Is the prepayment price cap calculated differently to the default tariff price cap?

No.

We have designed the methodology to calculate the level of the ‘default tariff’ price cap to the requirements of the Government’s Domestic Gas and Electricity (Tariff Cap) Act 2018. This applies to all ‘standard variable’ and ‘default’ tariff customers on standard credit, rather than prepayment, meters. The Act created a new duty for Ofgem to design and implement the default tariff price cap.

We calculate the level of the prepayment price cap following the Competition and Markets Authority’s (CMA) methodology. In July 2019, the CMA revised their methodology, designed in 2015, to better reflect the costs incurred to serve prepayment customers. The costs of serving prepayment customers include additional costs such as operating pre-pay keys and cards used to top up pre-payment meters. From 1 October 2019, the prepayment meter price cap methodology aligns with our methodology for the default tariff price cap.

How can I find out if the price cap will save me money, and by how much?

You can see the current levels of the default tariff caps on our price cap data page

If you’re on one of the tariffs currently priced above the cap, you will save money. Your capped tariff will depend on many things: your tariff, where you live and what type of meter you have. Price caps won’t limit your total bill though – this will vary depending on how much energy you use. 

If you have questions, speak to your supplier. They can provide you with details specific to your tariff. Check your gas or electricity bill for your supplier’s contact details. If you don’t know who your supplier is, see find my supplier.

Price caps and your data

How will suppliers use my data to determine if I should get price protection?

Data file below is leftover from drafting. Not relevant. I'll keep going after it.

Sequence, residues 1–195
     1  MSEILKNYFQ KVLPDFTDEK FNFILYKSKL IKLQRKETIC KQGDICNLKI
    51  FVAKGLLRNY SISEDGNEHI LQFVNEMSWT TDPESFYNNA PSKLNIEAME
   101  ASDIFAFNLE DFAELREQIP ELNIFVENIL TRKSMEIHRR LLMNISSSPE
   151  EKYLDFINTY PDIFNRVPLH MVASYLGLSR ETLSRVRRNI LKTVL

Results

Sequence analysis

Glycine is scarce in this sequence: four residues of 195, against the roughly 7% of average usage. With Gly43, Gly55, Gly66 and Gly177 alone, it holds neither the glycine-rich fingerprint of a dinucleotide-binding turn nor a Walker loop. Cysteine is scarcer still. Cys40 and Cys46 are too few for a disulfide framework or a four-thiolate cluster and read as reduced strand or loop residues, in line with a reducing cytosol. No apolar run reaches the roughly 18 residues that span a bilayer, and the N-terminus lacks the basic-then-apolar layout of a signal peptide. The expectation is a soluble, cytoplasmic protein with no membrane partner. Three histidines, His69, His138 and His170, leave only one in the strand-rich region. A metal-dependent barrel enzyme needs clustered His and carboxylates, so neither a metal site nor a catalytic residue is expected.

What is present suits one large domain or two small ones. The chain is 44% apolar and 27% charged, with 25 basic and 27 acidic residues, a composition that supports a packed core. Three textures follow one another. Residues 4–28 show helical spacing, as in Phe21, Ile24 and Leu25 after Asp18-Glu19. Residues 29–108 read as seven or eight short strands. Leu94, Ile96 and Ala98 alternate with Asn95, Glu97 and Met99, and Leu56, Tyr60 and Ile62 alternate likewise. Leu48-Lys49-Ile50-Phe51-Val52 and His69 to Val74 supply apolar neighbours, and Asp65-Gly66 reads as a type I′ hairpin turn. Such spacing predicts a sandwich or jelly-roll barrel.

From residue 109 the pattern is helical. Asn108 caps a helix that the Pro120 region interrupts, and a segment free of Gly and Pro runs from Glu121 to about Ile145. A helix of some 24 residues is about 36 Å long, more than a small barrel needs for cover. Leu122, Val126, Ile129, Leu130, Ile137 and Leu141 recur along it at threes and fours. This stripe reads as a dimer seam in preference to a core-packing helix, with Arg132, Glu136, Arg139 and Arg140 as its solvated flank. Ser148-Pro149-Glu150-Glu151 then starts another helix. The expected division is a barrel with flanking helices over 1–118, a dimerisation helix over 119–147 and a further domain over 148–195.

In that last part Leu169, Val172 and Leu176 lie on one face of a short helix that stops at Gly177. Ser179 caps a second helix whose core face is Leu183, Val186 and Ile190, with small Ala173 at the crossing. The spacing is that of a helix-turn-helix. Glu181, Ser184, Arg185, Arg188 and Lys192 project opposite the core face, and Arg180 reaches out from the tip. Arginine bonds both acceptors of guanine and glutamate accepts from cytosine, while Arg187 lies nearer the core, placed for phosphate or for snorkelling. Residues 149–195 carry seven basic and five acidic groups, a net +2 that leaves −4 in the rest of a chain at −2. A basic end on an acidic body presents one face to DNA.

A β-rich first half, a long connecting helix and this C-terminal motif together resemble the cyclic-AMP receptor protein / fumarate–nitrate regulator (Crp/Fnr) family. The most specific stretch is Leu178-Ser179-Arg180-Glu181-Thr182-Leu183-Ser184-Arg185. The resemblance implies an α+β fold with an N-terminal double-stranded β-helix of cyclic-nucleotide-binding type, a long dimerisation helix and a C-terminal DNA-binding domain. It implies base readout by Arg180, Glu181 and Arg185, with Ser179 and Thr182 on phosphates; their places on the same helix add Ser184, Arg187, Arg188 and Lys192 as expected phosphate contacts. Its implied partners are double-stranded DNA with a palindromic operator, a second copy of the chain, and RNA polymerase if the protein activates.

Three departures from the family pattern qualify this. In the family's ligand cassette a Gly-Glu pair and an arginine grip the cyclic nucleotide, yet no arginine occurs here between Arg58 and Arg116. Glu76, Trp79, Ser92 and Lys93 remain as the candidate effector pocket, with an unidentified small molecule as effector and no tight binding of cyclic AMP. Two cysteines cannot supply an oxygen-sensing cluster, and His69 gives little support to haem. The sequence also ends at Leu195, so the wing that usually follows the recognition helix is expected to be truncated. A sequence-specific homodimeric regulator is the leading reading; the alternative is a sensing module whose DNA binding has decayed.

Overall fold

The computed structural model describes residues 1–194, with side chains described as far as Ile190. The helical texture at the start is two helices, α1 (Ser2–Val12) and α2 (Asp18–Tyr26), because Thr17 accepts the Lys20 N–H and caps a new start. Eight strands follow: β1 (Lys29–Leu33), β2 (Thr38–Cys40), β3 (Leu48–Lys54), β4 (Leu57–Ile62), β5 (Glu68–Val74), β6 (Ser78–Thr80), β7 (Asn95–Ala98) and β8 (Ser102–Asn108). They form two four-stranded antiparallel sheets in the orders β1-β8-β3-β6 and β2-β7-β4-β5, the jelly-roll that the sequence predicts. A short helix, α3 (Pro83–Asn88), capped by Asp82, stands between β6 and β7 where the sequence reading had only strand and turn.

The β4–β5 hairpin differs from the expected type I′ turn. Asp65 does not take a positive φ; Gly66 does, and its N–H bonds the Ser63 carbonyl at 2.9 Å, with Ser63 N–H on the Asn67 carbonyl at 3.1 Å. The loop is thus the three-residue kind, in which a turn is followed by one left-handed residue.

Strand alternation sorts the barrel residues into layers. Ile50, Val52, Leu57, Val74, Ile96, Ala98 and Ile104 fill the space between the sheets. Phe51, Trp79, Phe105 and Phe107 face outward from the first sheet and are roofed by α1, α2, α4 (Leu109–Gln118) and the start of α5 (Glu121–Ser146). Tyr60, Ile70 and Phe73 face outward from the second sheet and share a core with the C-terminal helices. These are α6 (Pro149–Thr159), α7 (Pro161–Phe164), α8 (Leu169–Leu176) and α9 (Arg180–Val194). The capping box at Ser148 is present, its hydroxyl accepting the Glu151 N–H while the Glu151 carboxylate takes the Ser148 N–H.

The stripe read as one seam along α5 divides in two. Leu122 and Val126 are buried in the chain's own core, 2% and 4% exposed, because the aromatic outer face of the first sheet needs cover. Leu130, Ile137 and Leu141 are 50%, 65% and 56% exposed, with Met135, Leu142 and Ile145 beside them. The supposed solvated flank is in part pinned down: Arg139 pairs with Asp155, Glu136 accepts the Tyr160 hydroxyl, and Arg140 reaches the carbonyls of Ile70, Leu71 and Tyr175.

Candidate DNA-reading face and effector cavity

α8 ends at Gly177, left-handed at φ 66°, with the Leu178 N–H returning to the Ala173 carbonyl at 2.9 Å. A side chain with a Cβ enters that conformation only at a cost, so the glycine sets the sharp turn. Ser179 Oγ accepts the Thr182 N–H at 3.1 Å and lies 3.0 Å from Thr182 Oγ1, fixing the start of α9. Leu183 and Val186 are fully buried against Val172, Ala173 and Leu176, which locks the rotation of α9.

Your data is your data. Your energy supplier must ensure it is handled according to the permissions you have given to them and in accordance with the law. They are also responsible for ensuring your energy tariff is capped to the level or below the price caps Ofgem sets. If you have questions about how your supplier does this and uses your data, you should contact them.

You can find your supplier’s contact details on a gas or electricity bill. If you don’t know who your supplier is see find my supplier.

 If I am protected by a price cap, can my supplier use my data for marketing purposes?

Unless you give your supplier permission to use your data for marketing, they cannot use it for this purpose.

If you have questions about how your supplier uses your data, contact your supplier. You can find your supplier’s contact details on a gas or electricity bill. If you don’t know who your supplier is see find my supplier.

Is my data stored and used differently as a result of price caps?

Your energy supplier is responsible for ensuring that any personal information and data that they hold about you is handled in accordance with data protection law and the permissions you have given to them. If you have questions about this, contact your supplier.

You can find your supplier’s contact details on a gas or electricity bill. If you don’t know who your supplier is, see find my supplier. If you aren’t satisfied with their response and want to complain, follow these complaints steps

Other energy help and support

Can I still reduce the price I pay for gas and electricity?

Even with price caps in place, we recommend that you talk to your supplier or use a price comparison website to make sure you are saving as much money as you can. It is likely there will be offers which could save you even more money on your gas and electricity than staying on an energy ctariff covered by the price caps.